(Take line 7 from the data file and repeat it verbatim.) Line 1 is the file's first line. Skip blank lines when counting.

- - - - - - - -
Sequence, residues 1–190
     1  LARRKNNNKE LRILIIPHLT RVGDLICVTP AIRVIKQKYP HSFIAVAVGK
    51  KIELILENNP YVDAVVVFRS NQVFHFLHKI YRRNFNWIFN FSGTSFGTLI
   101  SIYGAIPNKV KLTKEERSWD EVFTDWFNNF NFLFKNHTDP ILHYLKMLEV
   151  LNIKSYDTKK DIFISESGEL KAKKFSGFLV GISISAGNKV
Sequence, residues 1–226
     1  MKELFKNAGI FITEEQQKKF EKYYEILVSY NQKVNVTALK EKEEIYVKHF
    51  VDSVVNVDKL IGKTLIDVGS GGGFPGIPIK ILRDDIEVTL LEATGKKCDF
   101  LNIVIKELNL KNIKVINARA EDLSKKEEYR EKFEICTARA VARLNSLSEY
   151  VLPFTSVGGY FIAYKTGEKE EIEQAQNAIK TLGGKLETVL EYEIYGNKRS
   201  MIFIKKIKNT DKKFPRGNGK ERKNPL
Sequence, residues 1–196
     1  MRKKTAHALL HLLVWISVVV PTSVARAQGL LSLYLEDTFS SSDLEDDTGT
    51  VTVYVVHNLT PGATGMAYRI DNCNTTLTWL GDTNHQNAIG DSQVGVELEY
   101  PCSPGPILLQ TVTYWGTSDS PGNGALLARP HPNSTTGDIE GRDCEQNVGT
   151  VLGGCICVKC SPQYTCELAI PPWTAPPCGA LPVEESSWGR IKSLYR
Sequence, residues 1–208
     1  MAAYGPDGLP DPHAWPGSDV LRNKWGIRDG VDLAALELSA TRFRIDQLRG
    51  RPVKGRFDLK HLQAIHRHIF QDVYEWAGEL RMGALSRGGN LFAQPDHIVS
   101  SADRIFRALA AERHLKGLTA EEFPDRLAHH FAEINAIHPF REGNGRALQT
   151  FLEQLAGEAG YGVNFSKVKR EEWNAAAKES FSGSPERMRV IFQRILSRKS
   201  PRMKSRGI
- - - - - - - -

     1  MKELFKNAGI FITEEQQKKF EKYYEILVSY NQKVNVTALK EKEEIYVKHF